The Times 22nd January 2010
The prices of medicines in Malta are among the highest in Europe. Statistics tabled in Parliament last year show that, on average, Maltese consumers pay about 40 per cent more for imported medicinal products than anywhere else in Europe. Why is this happening?
The small size of Malta's economy might have to do with this but one suspects there are other reasons that have economic and political implications.
Here, one has to take into account the power of big-business pharmaceutical companies capable of fixing prices in the supposedly "free" market. It seems to be the case that such companies have their chosen importers in Malta who, in turn, do not help matters in giving fair prices to patients and consumers here.
With Malta's entry in the EU, where markets became more liberalised and parallel imports were allowed, one would assume that, if prices in Malta are excessive, it would pay for some outlets to import them from countries where medicinals are cheaper.
It appears, however, that mother companies, especially of drugs with patent protection, do their utmost to stop this from happening by withholding supply to outlets in countries that encourage parallel imports to Malta. In this way, the local importers are sheltered from the competition of parallel imports. Besides, if parallel imports do not result in cheaper prices of medicinal products, it would mean the method is simply used to increase profits.
From our analysis of the situation, Alternattiva Demokratika - the Green party believes there are various factors that are distorting the market.
With regard to the importation of medicinal products sold by the private sector, we believe the most effective way to ensure this is not a profit-maximising operation to the detriment of patients is to have direct government importation of essential medicinal products, without restricting private businesses from also importing them.
Here, the government will be competing with other local companies, possibly benefitting from economies of scale, which will affect prices of products imported.
The government can also distribute such medicines to pharmacies for them to sell at a cheaper price than those prevailing now. Of course, this should not free the government of its responsibilities regarding the distribution of free medicines in the public health sector.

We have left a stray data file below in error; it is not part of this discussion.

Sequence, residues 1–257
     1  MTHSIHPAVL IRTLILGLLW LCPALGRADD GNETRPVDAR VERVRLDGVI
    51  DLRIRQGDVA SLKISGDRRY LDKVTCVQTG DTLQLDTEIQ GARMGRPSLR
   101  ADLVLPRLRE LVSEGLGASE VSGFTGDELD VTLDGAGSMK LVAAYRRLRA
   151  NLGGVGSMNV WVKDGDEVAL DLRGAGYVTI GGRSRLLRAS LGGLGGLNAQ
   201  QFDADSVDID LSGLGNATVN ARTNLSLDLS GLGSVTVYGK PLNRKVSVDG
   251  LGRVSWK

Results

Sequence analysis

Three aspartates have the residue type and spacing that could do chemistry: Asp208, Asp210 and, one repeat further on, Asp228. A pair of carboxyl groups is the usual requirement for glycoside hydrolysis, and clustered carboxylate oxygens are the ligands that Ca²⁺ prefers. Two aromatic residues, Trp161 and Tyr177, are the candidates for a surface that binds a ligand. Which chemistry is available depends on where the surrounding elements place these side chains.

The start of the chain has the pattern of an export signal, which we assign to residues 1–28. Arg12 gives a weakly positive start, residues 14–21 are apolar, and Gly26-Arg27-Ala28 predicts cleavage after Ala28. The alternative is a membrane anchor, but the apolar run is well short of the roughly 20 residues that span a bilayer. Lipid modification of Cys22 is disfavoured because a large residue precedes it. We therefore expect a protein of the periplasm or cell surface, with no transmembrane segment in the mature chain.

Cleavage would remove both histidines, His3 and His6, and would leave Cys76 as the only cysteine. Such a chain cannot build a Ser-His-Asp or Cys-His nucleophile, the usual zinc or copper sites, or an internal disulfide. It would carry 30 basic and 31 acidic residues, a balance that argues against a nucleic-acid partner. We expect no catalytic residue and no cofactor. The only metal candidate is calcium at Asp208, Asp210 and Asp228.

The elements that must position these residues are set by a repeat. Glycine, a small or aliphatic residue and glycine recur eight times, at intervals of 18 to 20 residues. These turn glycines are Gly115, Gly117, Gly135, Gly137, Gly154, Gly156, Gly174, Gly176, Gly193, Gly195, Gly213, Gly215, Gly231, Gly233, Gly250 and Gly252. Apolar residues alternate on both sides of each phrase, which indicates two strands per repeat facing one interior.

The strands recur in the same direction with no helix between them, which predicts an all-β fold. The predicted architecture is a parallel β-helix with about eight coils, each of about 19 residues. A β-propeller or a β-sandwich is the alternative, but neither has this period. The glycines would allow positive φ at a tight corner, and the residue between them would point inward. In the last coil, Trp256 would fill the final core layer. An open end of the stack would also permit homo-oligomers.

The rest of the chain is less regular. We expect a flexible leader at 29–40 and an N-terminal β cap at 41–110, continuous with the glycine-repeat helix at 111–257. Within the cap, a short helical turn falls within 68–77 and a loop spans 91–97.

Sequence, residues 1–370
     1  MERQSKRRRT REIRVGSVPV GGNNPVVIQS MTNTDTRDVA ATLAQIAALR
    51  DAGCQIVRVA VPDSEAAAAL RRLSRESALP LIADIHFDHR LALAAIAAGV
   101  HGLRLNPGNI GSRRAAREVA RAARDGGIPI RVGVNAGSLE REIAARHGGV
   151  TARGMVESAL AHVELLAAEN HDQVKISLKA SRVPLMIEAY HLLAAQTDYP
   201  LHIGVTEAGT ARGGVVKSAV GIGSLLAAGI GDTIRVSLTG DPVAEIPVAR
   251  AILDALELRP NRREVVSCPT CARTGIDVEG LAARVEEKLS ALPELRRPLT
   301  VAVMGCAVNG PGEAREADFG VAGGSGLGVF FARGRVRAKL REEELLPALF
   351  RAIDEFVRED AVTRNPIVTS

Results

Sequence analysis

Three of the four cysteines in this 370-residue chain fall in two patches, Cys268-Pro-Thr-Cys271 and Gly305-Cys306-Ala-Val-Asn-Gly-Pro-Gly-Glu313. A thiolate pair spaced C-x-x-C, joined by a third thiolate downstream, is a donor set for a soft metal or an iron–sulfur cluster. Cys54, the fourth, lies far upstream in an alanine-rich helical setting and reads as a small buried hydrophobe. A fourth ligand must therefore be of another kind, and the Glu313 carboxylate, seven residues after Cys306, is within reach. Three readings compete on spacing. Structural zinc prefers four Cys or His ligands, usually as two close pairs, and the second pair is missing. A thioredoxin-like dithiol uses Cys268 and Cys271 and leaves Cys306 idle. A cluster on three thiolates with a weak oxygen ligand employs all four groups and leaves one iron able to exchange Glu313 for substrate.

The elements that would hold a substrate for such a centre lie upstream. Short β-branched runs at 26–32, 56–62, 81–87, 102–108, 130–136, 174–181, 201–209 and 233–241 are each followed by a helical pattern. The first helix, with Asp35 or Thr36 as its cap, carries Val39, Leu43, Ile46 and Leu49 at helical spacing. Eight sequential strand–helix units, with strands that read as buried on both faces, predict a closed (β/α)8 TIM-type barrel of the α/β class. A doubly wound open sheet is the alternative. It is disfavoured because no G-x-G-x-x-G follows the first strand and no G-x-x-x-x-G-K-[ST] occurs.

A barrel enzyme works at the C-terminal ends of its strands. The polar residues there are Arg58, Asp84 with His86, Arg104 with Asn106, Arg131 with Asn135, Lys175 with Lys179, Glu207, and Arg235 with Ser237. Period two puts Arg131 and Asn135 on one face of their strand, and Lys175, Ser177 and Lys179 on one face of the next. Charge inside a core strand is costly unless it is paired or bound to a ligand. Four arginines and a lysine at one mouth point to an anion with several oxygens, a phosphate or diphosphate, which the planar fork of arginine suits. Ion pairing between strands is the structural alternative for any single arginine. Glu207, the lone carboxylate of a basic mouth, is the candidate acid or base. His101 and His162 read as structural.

Another reform, which should be carried out, has to do with practices involving pharmacies.
In the first instance, we believe that Malta should look into practices being adopted in EU member states such as Britain and Italy, where products that do not require a doctor's prescription can be sold at other shops beside pharmacies. This can result in more competition and, hence, lower prices in the case of such products.
Besides, one should also query Malta's policy regarding the restricted number of licensed pharmacies, which, in itself, encourages monopolistic practices. In 2007, the Ombudsman pronounced himself on the situation regarding licensing of pharmacies (www.ombudsman.org.mt/index.asp?pg=CL_July07) and said that "it is not legally and administratively correct for the government to perpetuate the stagnant situation in respect of pharmacy licences by further postponing the issue of regulations in respect of geo-demographic criteria for the grant of pharmacy licences in terms of subsection 66(2) of the Medicines Act".
The Ombudsman had also said that "since the freeze has now lasted nearly 11 years, I again strongly urge the government to resolve the present impasse. Considering that, in my opinion, the situation in question, besides being legally and administratively untenable, constitutes a violation of fundamental human rights or, at least, is a threat to them, I am recommending that such solution be reached as soon as possible.
The government is obliged to publish without further delay regulations on geo-demographic criteria in terms of subsection 66(2) of the Medicines Act".
To date, the government has not acted on the Ombudsman's recommendation. Some questions immediately come to mind: Is it just to have a restricted number of pharmacies in Malta?
Is it a coincidence that prices of medicinal products are identical in different pharmacies? Can one speak of fair competition in this sector?
Does this not violate the EU Services Directive, which clearly lays down that restricting outlets on the presumption that the market is saturated is not permissible?
AD is looking into the various issues regarding medicinal prices and it seems that, while certain issues can only be resolved by political decisions, others can be tackled through legal challenges.
It is useless talking about fair prices of medicines without having policies, practices and legislation that truly address the issue. In this regard, we are ready to form alliances with civil society organisations that are worried about the matter. For us, patients, pensioners and social justice come before business interests.
The author is chairman of Alternattiva Demokratika - the Green party.